A Focus on the Military Spouse: How to Overcome Barriers to Build a Thriving Professional Career in Social Work


While there is increasing awareness of the important role professional social workers and social work case managers play in serving veterans and active duty military members, less attention is paid to the unique challenges military spouses face when they themselves pursue careers in these professional roles. The ability to leverage skills, knowledge, experience and resources to support one’s own professional development is essential to achieving personal and professional fulfillment. Building a thriving career as a professional social worker is possible when military spouses are armed with the right information, tools and aspirations.


According to Military OneSource (2023) reporting on the 2021 Department of Defense [DOD] Survey of Active Duty Spouses:

  • 62% of military spouses have attained a college degree, including 31% having earned a four-year degree and 18% having earned an advanced professional degree;
  • The civilian spouse unemployment rate is 21%, unchanged from the 2015 survey;
  • 62% of military spouses are employed within their area of education or training;
  • 34% of military spouses work in occupations that require licenses; and,
  • 40% of military spouses work for employers who offer remote work.


While there are limited published details about active duty military spouses who hold advanced degrees and serve in roles that require occupational licensure such as clinical social work and case management, available research suggests that those with advance degrees are most impacted by higher rates of unemployment and underemployment than their civilian counterparts (DaLomba et al., 2021).

This impact is tied to the well-established fact that while some military families may have the good fortune of maintaining stability at one duty station for seven years or longer, it is much more common for military families to move at least every three years (United Service Organizations, Inc. [USO], 2018). Given the frequency of relocations military families face, spouses holding occupational licenses are also met with significant barriers when attempting to transfer their licenses from state to state, resulting in employment gaps and return to workforce delays (U.S. Department of Labor, n.d.). Notwithstanding the frequency of these moves, military families also face uncertainty over moving to undesirable or low-opportunity geographic locations, which poses additional barriers for military spouses to consistently advance in their careers. In fact, some military spouses report experiencing discrimination in the job market, finding that prospective employers are concerned about frequent turnover due to anticipated military family obligations (USO, 2018).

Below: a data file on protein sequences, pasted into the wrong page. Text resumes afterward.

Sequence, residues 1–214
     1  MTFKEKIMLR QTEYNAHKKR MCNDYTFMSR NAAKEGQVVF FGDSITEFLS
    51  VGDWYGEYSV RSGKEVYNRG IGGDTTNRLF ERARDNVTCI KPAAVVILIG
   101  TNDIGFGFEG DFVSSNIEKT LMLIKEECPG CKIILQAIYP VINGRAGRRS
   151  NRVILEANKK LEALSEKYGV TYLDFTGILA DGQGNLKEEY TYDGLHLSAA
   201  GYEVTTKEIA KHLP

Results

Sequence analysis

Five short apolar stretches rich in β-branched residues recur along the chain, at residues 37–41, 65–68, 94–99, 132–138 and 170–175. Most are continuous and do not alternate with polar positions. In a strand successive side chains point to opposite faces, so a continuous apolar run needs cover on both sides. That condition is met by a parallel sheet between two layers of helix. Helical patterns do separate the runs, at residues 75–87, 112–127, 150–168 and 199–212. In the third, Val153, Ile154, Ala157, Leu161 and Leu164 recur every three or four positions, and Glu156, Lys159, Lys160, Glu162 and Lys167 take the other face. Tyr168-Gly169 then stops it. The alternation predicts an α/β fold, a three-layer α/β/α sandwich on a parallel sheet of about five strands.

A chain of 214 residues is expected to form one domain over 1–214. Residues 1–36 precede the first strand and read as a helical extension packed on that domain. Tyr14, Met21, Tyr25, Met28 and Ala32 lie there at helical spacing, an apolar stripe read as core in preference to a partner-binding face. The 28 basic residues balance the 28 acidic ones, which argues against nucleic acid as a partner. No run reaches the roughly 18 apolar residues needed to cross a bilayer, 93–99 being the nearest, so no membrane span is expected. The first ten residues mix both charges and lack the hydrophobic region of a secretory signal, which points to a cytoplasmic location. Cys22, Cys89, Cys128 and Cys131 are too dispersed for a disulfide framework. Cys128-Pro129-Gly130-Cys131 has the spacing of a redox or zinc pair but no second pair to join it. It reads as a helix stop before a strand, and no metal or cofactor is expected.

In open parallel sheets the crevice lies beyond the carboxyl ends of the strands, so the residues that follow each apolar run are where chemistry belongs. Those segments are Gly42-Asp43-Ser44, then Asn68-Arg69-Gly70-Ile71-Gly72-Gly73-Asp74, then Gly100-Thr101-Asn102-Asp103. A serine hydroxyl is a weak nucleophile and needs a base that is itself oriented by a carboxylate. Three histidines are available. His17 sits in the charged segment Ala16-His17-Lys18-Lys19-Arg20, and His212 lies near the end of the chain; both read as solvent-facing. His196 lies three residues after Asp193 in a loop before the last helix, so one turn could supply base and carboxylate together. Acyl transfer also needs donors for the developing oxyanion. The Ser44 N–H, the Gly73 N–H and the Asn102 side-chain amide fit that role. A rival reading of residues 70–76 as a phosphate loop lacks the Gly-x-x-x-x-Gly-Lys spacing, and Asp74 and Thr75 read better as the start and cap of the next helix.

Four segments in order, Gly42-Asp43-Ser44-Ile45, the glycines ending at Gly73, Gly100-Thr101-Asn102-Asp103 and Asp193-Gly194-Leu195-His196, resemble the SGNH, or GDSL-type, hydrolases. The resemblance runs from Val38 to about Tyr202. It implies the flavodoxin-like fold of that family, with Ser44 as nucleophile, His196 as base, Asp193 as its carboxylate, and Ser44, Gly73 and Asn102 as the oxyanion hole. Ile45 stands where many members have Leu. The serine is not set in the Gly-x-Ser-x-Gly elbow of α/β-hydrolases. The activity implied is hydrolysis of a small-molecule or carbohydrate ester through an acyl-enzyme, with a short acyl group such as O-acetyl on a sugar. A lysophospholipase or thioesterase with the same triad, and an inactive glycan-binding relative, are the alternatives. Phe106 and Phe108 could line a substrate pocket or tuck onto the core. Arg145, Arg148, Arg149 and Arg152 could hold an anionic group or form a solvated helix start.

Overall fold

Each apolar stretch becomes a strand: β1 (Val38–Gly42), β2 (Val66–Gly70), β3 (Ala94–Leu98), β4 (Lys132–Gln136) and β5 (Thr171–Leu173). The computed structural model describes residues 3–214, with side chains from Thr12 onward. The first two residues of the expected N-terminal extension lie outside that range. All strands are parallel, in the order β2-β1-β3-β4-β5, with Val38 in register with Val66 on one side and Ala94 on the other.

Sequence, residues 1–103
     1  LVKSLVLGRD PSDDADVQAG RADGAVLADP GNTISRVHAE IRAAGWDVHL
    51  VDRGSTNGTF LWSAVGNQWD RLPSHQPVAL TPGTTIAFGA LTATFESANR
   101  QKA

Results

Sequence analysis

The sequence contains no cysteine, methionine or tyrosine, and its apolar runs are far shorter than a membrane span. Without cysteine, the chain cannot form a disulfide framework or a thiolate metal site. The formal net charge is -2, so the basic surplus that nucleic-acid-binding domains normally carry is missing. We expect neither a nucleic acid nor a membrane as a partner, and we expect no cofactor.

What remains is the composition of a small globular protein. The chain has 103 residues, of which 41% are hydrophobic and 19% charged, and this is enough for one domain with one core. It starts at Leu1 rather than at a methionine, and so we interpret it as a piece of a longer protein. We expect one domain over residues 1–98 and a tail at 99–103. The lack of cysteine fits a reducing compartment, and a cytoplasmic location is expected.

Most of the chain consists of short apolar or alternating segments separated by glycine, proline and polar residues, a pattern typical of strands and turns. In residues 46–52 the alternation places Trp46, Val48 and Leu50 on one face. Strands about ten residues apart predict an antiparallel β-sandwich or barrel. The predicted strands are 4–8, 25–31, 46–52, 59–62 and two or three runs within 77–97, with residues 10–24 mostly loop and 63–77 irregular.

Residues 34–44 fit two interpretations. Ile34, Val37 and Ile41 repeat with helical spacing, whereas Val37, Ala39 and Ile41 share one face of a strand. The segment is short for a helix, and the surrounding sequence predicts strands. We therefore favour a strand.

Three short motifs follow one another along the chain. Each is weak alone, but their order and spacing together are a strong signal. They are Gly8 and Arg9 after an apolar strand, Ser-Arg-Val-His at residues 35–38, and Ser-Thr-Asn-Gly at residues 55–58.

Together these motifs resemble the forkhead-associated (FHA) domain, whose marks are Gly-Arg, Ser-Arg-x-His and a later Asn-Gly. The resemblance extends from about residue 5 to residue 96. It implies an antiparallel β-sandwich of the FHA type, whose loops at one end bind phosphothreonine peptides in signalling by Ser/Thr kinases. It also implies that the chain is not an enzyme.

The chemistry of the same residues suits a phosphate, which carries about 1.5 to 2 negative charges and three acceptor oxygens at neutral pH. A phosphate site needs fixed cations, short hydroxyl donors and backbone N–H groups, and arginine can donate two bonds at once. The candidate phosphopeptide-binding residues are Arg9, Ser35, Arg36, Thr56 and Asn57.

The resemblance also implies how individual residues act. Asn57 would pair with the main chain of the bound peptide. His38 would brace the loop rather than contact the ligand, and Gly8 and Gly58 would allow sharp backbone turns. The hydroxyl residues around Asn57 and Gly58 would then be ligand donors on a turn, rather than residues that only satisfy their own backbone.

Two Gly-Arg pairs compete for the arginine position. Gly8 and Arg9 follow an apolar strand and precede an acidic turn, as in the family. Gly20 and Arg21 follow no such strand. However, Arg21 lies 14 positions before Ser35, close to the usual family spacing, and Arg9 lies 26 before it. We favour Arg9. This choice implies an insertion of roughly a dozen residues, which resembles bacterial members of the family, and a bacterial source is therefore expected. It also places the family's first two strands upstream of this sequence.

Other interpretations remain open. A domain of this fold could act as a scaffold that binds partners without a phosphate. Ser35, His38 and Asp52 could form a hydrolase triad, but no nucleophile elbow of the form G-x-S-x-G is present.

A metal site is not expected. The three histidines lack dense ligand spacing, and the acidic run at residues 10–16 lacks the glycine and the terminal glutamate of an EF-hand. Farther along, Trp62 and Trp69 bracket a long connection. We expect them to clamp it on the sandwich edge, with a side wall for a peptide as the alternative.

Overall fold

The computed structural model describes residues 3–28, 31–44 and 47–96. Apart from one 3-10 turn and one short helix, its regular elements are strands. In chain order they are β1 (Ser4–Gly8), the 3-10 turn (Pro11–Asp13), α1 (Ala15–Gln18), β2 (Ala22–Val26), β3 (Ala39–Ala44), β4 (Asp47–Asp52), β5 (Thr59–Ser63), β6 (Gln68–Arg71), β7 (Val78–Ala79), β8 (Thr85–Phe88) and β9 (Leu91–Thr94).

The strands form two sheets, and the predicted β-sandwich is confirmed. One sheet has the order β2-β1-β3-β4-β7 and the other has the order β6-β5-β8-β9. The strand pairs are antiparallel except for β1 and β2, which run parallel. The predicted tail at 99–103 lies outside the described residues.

Even where licensed social work military spouses secure remote work opportunities that may offer more portability and stability in their careers, they must still consider the impacts of state licensure to practice remotely when they are serving clients or patients physically located in states other than where the military spouse resides. This can very easily result in the need to carry occupational licenses in more than one state at a time, which is both time-consuming and expensive (National Association of Social Workers [NASW], 2020).


In recognition of the challenges social work licensure may pose during frequent relocation, there are a number of active and in-process relief strategies available to military spouses. This includes military spouse license reimbursement programs, the Military Spouse Licensing Relief Act of 2023 and state licensure reciprocity including the Interstate Licensure Compact for Social Work. All military spouses affected by social work licensing challenges should consider the following strategies to ease transitions and maximize employment opportunities throughout their career.


The 2018 National Defense Authorization Act allows each service branch to reimburse spouses up to $1,000 for re-licensure and certification costs resulting from relocations or permanent change in station (PCS) moves (Military OneSource, 2022). To find out how to take advantage of these supportive benefits, affected military spouses are encouraged to visit https://www.militaryonesource.mil/education-employment/seco/transferring-your-professional-license-what-s-involved/.


The Military Spouse Licensing Relief Act of 2023, an amendment to the Servicemembers Civil Relief Act (SCRA), was announced in April 2021 and signed into law by President Joe Biden on January 5, 2023 (Kaufmann, n.d.). The law supports the ease of occupational license transfers between states, for moves precipitated by military orders. For state-specific legislation, affected military spouses are encouraged to visit https://www.dol.gov/agencies/vets/veterans/military-spouses/license-recognition.


The Interstate Licensure Compact for Social Work seeks to eliminate barriers to professional practice and access to care by easing the achievement of licensure across state lines (NASW, 2023). It’s important to note that in recognition of the impacts to military spouses, the Department of Defense (DOD) is one of the primary stakeholders and funders behind the creation of the interstate licensure compact for social work (Butts & Goodenough, 2023). For the most up-to-date information on the Interstate Compact for Social Work, visit https://swcompact.org/.